## Factoring Part 1

Factoring polynomial expressions is likely a new skill, or at least one you have little experience with. Factoring means to break something down into its multiplicative parts, to un-distribute. In other words, when you have a polynomial and you’re trying to factor it, you’re trying to figure out what small polynomials have a product that is the current expression.

Factoring is a bit of a gate-way skill. Without the ability to factor correctly, quickly, and consistently, moving forward in mathematics will become increasingly difficult. As such, spend time on the topic. Several pages will be devoted to factoring on this site. There will be a LOT of videos.

Give yourself the time and practice to learn this. The investment in yourself will pay off! Remember, when opportunity presents itself, it is too late to prepare. One of the things you do with education is prepare for unseen, future, opportunities.

There are four cases of factoring that we will eventually learn. They are as follows:

- Factoring out a constant term (monomial)
- Factoring a quadratic when
*a*= 1- What multiplies to
*c*and adds to*b*?

- What multiplies to
- Factoring a quadratic when
*a*≠ 1- Guess and Check Method

- Factor by Grouping

The first method, factoring out a constant is, is something you should always try. It is always a valid approach. The other methods are contextually specific. But, before getting into all of that, let’s discuss the basics first.

Factoring is the opposite of distributing. If you factored the number 72, you might say 8 × 9. It is no different with polynomials. For example, you could factor 3*x* + 6 as the product of 3 and the binomial *x* + 2. It would be written as follows:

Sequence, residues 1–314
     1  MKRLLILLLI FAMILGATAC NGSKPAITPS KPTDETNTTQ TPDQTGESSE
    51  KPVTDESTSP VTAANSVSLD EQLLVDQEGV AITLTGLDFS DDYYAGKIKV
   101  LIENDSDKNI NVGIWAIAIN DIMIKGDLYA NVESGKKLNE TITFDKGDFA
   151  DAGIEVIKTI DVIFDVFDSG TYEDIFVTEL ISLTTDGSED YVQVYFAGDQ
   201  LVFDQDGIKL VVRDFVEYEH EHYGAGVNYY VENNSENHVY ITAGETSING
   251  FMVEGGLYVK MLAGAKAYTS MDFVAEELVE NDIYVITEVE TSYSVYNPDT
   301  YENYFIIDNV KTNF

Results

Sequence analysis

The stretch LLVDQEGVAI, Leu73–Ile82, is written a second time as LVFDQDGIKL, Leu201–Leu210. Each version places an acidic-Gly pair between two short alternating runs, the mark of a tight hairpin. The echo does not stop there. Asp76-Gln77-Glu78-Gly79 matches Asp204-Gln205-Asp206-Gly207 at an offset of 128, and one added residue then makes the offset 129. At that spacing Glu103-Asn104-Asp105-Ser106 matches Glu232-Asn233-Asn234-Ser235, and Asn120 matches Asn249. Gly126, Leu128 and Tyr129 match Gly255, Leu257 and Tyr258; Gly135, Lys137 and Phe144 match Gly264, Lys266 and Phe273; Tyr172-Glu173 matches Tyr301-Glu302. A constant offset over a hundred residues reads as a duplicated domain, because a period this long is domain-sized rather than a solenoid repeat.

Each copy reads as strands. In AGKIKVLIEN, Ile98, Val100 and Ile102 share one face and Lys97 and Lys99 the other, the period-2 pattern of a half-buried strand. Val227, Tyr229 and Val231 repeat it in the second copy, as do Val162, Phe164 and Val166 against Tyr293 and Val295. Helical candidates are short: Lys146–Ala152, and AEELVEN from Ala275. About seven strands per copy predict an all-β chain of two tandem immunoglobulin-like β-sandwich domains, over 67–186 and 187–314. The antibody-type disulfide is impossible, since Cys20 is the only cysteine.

3*x* + 6 = 3(*x* + 2)

This is an example of factoring out a monomial, or a single term. Before getting into that, there are a handful of things you must understand about factoring.

- What is factoring?
- How to factor?
- When to factor?
- If the factoring is correct?
- If the factoring is complete?

** Factoring is** breaking a polynomial down to its smallest multiplicative parts. You should factor whenever it suits the situation. For example, if you’re stuck, or do not see how to simplify something, often factoring unlocks the path to clarity. This is so often the case that we can joke that the acronym WTF, which would be spoken when frustrated, stands for What the Factor, in math class. The reason is that if you’re stuck and frustrated from this point forward, you should try to factor.

The reason factoring is such a great tool is that it can take large, difficult to handle expression, and break it down into chunks that are easier to manipulate and understand.

You’ll know when you’re done factoring because you cannot break down the polynomial any further. Consider the number 72 that we factored early into the product of 8 and 9. This is a valid factorization, it is correct because 8 × 9 = 72, but it is not completely factored because it can be further broken into multiplicative parts. The same is true for factoring polynomials. You’ll learn more advanced factoring techniques as you move through this section, and so your understanding of what is fully factored, or not, will change as you learn more.

## Method #1

#### Factoring a Constant

The first thing to examine when factoring is if each term in a polynomial shares a common factor. If it does, and you can divide out that greatest common factor (from all terms), you’ll have factored that polynomial.

18*x*^{2}*y* + 27*xy*^{2} – 3*xy*

This trinomial has a common factor of 3*xy*. Each term shares that factor, but not all three terms share a larger factor. The first two terms share a factor of 9, but the last term does not have a factor of 9. So, we can divide 3*xy* from each term.

This is correct because if we distribute the 3*xy* to all terms, we end up with the original expression as our product. We are done because we cannot further factor the remaining terms.

**Prime** polynomials cannot be factored, save by one and itself. 6*x* + 9*y* – 1 is considered a prime polynomial, so we are done factoring because we have that multiplied with a monomial.

To factor out a constant you need to identify if a greatest common factor exists between all terms of the polynomial. Then, divide it out, and write the polynomial as the product of the GCF and the remaining values.

Example: Factor 5*x*^{2} – 25*x* – 10

Here the GCF of *all* terms is just 5. That’s the largest number that divides into all terms. If we divide out five we get the following.

5(*x*^{2} – 5*x* – 2)